quippe (quippe) wrote in bookish,

Runemarks by Joanne Harris

The Blurb On The Back:

Maddy touched the final rune.
She spoke the cantrip.
The Hill opened ...

Maddy Smith has always been an outsider. Born with a rusty-coloured rune on her hand – what the villagers call a ruinmark – she is scarred by this symbol of the old gods, a sign of magic.

And everyone knows that magic is dangerous. Except for Maddy who actually thinks it’s rather fun. Until now. For suddenly her friend One-Eye, a rascally Outlander, wants her to open Red Horse Hill and descend into World Below – a world filled with goblins and far worse – to retrieve a relic of the old gods ...

Full of trickery, magic and the enchantment of the Norse myths, Runemarks is an epic fantasy adventure – richly inventive and superbly imaginative.

500 years after the End of the World, Maddy Smith lives in the remote village of Malbry with her father and sister. Born with a rune mark on her hand, she’s gifted with magic – taught to her by the wanderer One-Eye – which she uses to help the villagers, even though most are suspicious of her as they are taught by the Good Book of their new religion that magic is to be feared.

When One-Eye returns to Malbry, he asks Maddy to open Red Horse Hill – a place filled with goblins and other magical creatures – to retrieve the Whisperer, a relic of the old gods. Filled with dreams of adventure and treasure and aware that her own magical powers are growing, Maddy sets off on a quest that will see her encounter prophecies, gods, giants and almost certain death ...

Joanne Harris’s first book for teenagers is an absolute delight. Set in a world infused with Norse mythology, where Ragnorak has happened and Odin and the old gods been defeated, she weaves an epic fantasy filled with magic, danger and dark comedy.

Maddy is a fantastic character – gutsy and determined, she’s always felt like an outsider because of her runemark, but far from being insecure about it, she embraces her powers, pushing One-Eye to teach her how to use them properly. Her journey into Red Horse Hill is as much as a quest to discover who she is and why she has the abilities she does as it is to recover One-Eye’s artefact.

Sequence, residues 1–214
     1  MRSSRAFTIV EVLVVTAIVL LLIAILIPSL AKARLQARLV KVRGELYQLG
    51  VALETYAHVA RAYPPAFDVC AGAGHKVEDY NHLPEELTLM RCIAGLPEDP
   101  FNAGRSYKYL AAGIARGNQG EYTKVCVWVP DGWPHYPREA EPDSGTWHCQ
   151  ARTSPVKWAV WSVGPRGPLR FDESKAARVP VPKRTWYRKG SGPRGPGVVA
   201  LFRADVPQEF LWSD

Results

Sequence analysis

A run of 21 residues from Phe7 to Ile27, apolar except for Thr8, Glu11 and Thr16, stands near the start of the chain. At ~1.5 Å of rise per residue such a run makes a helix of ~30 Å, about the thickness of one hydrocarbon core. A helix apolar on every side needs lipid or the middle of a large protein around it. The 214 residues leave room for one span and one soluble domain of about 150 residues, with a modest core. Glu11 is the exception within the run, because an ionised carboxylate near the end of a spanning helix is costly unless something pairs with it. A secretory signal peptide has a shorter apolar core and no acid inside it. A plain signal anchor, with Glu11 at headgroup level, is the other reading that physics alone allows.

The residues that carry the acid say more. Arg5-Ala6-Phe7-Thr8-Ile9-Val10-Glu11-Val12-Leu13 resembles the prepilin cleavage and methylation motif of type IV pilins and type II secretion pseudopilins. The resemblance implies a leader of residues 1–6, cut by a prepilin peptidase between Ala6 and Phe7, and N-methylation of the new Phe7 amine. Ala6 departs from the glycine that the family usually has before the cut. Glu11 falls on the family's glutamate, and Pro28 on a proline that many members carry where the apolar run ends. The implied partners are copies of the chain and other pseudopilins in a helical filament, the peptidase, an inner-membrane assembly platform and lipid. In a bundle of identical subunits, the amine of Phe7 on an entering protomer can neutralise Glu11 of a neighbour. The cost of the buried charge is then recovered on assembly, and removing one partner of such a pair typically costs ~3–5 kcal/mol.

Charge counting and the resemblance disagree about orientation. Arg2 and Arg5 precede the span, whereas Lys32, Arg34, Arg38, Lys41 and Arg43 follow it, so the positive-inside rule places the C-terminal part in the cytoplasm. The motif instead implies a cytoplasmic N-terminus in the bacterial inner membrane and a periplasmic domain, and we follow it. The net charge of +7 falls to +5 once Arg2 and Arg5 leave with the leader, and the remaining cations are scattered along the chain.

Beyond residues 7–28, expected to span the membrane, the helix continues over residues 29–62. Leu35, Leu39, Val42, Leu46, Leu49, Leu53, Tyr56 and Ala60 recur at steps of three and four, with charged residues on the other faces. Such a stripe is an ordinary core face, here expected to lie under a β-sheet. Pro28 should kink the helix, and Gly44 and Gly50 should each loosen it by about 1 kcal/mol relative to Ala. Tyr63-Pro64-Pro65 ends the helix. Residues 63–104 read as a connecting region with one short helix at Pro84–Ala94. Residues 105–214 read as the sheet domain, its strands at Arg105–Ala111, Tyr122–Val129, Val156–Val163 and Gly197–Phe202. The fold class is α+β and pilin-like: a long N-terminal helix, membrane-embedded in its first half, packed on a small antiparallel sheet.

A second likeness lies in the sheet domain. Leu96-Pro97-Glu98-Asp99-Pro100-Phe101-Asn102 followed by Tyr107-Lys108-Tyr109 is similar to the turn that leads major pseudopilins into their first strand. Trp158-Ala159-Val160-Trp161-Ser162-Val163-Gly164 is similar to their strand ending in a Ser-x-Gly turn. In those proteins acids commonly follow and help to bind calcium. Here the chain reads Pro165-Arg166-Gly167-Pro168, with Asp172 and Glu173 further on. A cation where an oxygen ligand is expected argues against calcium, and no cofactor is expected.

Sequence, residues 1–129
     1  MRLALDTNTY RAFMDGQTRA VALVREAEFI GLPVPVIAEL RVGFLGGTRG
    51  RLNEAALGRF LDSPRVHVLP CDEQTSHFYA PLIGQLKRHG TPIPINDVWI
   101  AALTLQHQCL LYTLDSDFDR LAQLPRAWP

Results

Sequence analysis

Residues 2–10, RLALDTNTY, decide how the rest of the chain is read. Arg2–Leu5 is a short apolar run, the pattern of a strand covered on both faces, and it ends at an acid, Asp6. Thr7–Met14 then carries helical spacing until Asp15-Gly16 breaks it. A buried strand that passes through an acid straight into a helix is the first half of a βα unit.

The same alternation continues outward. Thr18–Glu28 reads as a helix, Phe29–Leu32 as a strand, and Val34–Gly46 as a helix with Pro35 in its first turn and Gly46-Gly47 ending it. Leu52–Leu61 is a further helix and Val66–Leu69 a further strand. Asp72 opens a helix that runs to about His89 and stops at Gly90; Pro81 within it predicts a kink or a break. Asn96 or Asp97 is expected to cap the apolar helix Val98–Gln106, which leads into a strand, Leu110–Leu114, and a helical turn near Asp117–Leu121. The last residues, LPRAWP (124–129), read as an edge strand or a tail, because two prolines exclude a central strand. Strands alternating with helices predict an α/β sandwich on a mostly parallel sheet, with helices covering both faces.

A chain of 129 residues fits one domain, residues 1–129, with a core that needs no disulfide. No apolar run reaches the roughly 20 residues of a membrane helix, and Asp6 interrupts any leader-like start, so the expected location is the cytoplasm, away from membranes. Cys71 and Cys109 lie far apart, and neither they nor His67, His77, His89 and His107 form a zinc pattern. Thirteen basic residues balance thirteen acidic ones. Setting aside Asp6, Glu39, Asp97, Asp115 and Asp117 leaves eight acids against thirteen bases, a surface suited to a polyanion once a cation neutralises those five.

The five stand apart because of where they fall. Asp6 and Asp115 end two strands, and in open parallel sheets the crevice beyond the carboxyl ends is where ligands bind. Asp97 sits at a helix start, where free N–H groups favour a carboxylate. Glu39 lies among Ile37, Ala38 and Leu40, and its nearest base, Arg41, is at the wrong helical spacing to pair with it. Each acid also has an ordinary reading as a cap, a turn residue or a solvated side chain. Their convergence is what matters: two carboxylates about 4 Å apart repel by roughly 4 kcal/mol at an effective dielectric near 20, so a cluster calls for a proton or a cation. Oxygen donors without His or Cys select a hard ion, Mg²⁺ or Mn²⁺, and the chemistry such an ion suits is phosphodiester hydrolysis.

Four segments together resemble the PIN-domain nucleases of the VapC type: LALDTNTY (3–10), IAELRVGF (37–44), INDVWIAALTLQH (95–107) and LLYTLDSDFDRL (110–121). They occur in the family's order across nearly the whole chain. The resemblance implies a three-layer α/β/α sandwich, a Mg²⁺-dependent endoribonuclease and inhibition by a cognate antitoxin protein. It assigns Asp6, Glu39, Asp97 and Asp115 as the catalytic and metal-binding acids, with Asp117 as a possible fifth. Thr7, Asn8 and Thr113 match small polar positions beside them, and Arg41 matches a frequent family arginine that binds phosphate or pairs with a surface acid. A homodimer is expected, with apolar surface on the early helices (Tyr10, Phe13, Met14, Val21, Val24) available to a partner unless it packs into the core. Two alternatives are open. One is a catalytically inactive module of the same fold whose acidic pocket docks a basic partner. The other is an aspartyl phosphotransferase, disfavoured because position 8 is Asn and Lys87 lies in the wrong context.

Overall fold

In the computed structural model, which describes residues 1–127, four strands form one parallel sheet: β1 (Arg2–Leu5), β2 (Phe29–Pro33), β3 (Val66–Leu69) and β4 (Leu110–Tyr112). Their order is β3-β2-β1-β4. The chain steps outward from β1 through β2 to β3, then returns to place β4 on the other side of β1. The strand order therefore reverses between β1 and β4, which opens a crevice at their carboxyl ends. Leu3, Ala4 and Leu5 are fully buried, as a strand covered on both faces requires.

The Gods themselves are depicted well. One-Eye is a man haunted by past failures and seeing one last chance of glory. Loki, the traitorous trickster is deliciously duplicitous – always playing for his own advantage and yet still drawn to old loyalties. I particularly loved the ease with which Harris displays the shifting alliances between gods and giants, each working to their own agenda. Spliced with this are the desires of the humans – the local priest, Nat Parson, who sees stopping Maddy’s quest as his ticket to advancement in his church, and teenager Adam Scattergood, whose personal vendetta against him takes him further than he ever thought.

The whole book was a delight from start to finish – I devoured the pages, desperate to find out what happened next and am really disappointed that there’s no sequel as I would love to read more. It’s a superb joy.

The Verdict:

I bought this thinking it was another cynical attempt by a successful adult author to cash in on the YA market with a substandard story. How wrong I was. I loved this book. It’s a brilliant fantasy read, peppered with Norse mythology, a solid quest story and a central character who’s resourceful, clever and desperate to find out who she really is. My only criticism is that there isn’t a sequel so that I can read more about this fabulous world and the people within it.

Cross-posted to books, bookworming, cool_teen_reads, fantasywithbite, and yalitlovers.

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